Junk Bond ETFs to Diminish Default Energy Producer Risk

Credit spreads on speculative-grade junk bonds have rallied back to levels last seen before the sell-off in 2015.

Huge oscillations in oil prices have caused spreads to widen in recent weeks, but junk bond investors who are wary of credit risk among the more leveraged oil producers can turn to a relatively new high-yield, ex-energy exchange traded fund.

The iShares iBoxx $ High Yield Corporate Bond ETF (NYSEArca: HYG) gained 10.9% and the SPDR Barclays High Yield Bond ETF (NYSEArca: JNK) rose 11.6% year-to-date, rallying above their 2015 highs and regaining most of the lost ground earlier this year as diminishing volatility and an extended low-rate environment fueled a more risk-on attitude among fixed-income investors.

However, speculative-grade debt slipped toward the end of July on renewed risk aversion associated with plunging crude oil prices, with the West Texas Intermediate oil market falling back into a bear market. Junk bonds have exhibited some very high correlation to crude oil prices as observers fear that lower oil prices would make it harder for highly leveraged oil producers, namely the upstart shale oil industry, to service the debt and potentially cause a wave of defaults.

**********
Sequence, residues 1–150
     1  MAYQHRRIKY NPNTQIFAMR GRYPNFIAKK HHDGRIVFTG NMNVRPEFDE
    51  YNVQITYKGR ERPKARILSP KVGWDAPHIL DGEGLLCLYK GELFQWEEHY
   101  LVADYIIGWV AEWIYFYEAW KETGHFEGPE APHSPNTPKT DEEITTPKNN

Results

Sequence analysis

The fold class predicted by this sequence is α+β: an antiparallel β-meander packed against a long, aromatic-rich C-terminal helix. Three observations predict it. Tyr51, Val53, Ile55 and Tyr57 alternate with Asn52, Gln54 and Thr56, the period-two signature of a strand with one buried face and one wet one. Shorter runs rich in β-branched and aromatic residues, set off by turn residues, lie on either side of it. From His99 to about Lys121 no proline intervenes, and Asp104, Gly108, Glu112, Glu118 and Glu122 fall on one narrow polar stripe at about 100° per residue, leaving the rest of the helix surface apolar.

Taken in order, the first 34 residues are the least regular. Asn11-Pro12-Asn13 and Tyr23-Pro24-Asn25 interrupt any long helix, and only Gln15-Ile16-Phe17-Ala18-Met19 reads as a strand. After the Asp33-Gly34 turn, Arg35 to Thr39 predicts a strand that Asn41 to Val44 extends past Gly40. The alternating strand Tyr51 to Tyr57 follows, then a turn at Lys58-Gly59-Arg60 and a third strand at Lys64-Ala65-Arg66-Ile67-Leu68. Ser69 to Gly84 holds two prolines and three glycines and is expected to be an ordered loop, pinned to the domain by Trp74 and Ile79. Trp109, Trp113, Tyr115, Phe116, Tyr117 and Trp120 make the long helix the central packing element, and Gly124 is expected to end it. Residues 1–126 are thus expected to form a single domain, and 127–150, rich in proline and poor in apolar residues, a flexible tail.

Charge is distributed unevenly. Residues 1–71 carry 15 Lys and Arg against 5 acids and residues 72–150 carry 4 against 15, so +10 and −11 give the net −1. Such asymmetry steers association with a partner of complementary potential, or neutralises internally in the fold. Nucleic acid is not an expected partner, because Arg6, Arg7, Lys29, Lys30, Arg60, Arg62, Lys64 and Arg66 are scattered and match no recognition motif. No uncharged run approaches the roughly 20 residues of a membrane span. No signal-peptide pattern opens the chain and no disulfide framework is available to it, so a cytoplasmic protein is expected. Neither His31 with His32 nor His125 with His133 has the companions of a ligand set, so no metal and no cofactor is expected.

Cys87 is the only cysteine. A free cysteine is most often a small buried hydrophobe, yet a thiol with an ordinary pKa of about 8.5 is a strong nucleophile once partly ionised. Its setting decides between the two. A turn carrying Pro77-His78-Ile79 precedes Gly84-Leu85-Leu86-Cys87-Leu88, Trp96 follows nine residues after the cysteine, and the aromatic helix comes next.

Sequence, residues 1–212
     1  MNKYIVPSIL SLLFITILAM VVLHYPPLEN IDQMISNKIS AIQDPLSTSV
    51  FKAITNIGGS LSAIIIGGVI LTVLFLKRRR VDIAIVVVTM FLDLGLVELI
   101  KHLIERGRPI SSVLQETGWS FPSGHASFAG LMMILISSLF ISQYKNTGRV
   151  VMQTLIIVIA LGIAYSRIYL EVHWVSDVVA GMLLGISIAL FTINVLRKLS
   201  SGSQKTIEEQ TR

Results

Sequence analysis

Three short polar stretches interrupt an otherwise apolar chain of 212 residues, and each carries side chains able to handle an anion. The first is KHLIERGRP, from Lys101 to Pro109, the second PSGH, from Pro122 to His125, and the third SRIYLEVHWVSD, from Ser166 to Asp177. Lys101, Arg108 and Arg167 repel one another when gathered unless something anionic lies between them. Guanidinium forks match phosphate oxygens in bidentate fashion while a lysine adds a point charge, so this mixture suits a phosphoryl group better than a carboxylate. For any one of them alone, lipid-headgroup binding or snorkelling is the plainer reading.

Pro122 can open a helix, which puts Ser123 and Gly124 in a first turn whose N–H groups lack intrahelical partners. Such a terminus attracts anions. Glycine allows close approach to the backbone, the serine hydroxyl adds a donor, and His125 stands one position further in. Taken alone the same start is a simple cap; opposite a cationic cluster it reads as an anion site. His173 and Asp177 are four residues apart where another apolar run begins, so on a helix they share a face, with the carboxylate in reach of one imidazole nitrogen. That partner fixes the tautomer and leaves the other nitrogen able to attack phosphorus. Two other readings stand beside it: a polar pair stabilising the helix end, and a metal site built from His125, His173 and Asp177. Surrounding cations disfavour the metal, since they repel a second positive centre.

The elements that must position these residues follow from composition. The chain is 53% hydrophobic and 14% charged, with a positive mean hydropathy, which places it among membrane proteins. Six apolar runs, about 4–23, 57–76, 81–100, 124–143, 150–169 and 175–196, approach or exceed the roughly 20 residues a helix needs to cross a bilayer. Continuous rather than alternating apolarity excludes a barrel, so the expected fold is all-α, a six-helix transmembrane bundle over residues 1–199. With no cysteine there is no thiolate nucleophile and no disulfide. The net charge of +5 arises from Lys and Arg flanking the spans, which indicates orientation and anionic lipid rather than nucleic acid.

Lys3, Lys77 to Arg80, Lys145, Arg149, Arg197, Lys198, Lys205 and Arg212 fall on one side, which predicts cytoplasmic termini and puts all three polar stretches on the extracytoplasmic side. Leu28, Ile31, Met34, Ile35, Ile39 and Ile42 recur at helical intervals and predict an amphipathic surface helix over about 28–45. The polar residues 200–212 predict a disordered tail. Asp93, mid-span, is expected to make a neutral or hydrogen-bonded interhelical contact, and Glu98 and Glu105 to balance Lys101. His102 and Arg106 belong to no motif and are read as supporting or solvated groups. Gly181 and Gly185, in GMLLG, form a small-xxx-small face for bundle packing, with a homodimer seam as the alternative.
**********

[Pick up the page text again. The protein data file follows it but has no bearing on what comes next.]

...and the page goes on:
SEE MORE: Junk Bond ETFs Shake-Off Year of Uncertainty

Energy company debt defaults have driven S&P’s trailing US junk bond default rate to a six-year high of 4.5% in July. Standard & Poor’s rating agency also projects the rate will rise to 5.3% by March 2017. Energy and natural resource companies made up over half of the 105 companies that defaulted globally this year.

While the junk bond ETFs pushed higher over the past two weeks, it is clear that fixed-income investors were loath to shake off the connection between high-yield debt and crude oil, pressuring junk bond ETFs as oil prices plunged into a new bear. The junk bond ETFs include some significant exposure to the energy sector. For instance, HYG has a 13.0% tilt toward energy producers.